As well as struggling financially, FTs have now failed to meet national waiting time targets for accident and emergency, routine and cancer care for three successive quarters in the 2014-15 financial year.

The sector failed to achieve the A&E waiting time target of seeing 95 per cent of patients within four hours for the 2014 calendar year.

Patients waiting on a trolley for more than four hours in A&E increased by 134 per cent to 42,600 due to reduced bed availability between October and December.

12.08pm Colchester Hospital University NHS Foundation Trust has pledged to improve emergency care for patients and strengthen its financial position.

It has agreed to legally binding undertakings with Monitor, the health sector regulator, under which it will fix issues with how its emergency services are organised, led and staffed.

As a result, Colchester will now:

  • develop and implement a focused and credible accident and emergency improvement plan
  • take positive steps to improve nurse staffing levels
  • work effectively with any future additional support arranged for the trust by Monitor

Monitor acted after an inspection of Colchester’s A&E and Emergency Assessment Unit by the Care Quality Commission rated it as ‘inadequate’. As a result, Colchester is now rated as ‘inadequate’ overall by the CQC.

Colchester has also agreed to take action to address the financial challenges it faces by developing and implementing an effective financial recovery plan for 2015/16.

The trust has been subject to enforcement action by Monitor since November 2013, including being placed in special measures for problems with its cancer services.

Katherine Cawley, regional director at Monitor, said: “Colchester isn’t providing its patients with the high quality emergency care they deserve, so we expect it to make improvements and quickly.

“Our action is designed to make sure Colchester’s emergency services are organised, well managed and adequately staffed. We also want Colchester to improve its finances, so it’s able to provide the people of North Essex with quality health services for the long-term.

“We will closely monitor the trust’s progress on making these improvements and won’t hesitate to take further action if necessary.”

11.52am The Foundation Trust sector has reported a deficit of £321m, which is five times more than planned, according to the regulator Monitor.

78 Foundation Trusts (53 per cent) were in deficit, of which 60 were acute trusts, figures from the nine months to 31 December show.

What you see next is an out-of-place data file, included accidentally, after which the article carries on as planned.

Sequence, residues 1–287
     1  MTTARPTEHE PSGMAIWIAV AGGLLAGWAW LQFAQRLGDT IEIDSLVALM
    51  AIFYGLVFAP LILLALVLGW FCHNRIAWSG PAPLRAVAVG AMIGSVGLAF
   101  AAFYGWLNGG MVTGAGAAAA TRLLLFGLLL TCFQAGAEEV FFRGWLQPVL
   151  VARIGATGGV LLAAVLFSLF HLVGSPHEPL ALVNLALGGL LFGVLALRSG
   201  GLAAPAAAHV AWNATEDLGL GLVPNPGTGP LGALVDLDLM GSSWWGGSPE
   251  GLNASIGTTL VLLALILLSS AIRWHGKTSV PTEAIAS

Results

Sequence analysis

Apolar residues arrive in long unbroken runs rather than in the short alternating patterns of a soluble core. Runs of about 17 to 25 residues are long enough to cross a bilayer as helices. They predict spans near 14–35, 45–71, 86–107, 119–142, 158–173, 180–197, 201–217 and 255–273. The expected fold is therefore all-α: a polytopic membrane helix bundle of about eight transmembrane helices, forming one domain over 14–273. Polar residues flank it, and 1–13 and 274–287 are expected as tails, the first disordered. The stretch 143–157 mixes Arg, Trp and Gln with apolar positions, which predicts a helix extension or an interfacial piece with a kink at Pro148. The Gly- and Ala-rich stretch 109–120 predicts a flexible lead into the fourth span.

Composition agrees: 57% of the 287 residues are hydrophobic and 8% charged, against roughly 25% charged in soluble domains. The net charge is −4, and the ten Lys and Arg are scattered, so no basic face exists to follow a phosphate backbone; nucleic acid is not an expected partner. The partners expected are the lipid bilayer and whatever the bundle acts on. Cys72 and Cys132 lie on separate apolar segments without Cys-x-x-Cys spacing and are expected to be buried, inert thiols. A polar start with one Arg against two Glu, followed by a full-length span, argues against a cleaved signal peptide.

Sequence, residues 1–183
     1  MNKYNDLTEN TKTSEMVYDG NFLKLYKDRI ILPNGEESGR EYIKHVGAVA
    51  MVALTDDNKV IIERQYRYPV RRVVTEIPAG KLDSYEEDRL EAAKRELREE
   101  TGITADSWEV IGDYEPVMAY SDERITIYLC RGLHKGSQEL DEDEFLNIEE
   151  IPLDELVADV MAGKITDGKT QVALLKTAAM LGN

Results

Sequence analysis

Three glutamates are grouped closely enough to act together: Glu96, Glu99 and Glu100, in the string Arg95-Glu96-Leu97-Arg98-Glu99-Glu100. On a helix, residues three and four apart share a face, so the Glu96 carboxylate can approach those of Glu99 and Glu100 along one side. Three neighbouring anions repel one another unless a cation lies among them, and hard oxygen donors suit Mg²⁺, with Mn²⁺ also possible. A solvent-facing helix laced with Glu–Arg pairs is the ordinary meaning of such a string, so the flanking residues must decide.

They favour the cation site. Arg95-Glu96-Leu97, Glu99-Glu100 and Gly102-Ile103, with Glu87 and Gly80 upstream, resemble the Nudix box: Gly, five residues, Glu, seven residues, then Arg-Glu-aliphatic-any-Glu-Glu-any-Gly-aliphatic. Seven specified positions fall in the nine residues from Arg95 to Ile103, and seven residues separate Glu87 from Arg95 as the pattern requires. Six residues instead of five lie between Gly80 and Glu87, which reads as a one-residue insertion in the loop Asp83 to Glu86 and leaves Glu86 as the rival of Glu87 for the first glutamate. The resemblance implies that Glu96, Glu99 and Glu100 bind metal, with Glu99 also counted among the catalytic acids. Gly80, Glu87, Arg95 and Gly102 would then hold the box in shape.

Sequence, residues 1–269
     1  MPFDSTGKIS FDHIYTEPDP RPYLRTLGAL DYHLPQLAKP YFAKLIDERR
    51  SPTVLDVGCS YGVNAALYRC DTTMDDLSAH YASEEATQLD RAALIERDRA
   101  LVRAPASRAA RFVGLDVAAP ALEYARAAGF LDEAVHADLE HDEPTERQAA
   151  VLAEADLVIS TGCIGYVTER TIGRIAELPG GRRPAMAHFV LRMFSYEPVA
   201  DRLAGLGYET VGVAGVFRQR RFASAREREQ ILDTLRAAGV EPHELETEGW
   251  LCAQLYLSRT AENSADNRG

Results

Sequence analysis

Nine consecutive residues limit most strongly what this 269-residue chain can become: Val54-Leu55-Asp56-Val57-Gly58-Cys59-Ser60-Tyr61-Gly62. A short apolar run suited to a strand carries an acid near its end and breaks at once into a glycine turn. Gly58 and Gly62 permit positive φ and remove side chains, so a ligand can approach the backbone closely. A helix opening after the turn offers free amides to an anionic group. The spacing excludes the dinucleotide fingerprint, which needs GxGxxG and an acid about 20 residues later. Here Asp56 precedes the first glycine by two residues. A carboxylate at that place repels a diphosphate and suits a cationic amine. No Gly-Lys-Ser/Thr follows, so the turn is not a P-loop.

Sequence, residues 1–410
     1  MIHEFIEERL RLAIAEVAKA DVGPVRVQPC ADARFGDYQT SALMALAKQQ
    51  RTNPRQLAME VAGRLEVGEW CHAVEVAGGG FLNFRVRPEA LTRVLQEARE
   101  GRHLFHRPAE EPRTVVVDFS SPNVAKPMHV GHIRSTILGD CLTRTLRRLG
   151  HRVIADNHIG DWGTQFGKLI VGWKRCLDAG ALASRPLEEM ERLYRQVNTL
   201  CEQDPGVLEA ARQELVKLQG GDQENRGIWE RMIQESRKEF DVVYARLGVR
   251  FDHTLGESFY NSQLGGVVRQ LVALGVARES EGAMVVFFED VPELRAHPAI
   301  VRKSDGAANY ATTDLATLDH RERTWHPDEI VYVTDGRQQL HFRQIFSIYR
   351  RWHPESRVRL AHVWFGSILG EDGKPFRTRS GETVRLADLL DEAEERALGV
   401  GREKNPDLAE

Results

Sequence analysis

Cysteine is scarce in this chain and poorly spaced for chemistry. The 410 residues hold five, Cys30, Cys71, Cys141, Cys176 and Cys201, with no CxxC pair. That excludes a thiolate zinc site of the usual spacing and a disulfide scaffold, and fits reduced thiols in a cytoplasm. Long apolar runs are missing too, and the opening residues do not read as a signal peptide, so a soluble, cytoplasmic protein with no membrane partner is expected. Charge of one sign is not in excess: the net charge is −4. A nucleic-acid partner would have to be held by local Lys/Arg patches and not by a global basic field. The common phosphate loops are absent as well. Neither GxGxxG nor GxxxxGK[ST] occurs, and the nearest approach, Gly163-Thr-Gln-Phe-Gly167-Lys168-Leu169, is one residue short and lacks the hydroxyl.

Analysis by the regulator shows that FTs saw 2.7m people in their Accident & Emergency  units between October and December 2014, 8 per cent higher than the same period last year.

Subsequently, hospitals admitted 570,000 for further treatment, which is an extra 40,000 patients compared to last year.

In addition, foundation trusts treated over 2.3m non-emergency patients in the quarter, an increase of 7 per cent over the same period last year.

However, this increased activity, combined with the continued need to make cost savings and use expensive agency staff, is putting trusts under exceptional pressure, the watchdog said today. 

IT reports that ambulance foundation trusts dealt with 933,000 calls, a 13 per cent increase compared to the same period last year, but some have staff vacancy rates of up to 24 per cent.

The 149 FTs (which make up nearly two-thirds of all NHS trusts) have failed to meet national waiting times targets for accident and emergency, routine and cancer care for three successive quarters. 

A report to Monitor’s board on the performance of the foundation trust sector over the nine months ended 31 December 2014 also found:

  • The sector as a whole failed the A&E waiting time target of seeing 95 per cent patients within four hours for the calendar year 2014; 
  • Trusts met some cancer waiting times targets for 62 day screening services, 31 first days treatment and two-week referrals;
  • 42,600 people – an increase of 134 per cent - waited on a trolley for more than four hours between the decision to admit them to A&E and their arrival on a ward, due to reduced bed availability between October and December 2014;
  • There was an 8 per cent increase (158,000 to 171,000) in the number of journeys made by FT ambulance services;
  • Trusts had a combined waiting list of 1.65m, which was 40,000 less than between July and September 2014, but still 2.5 per cent higher than last year;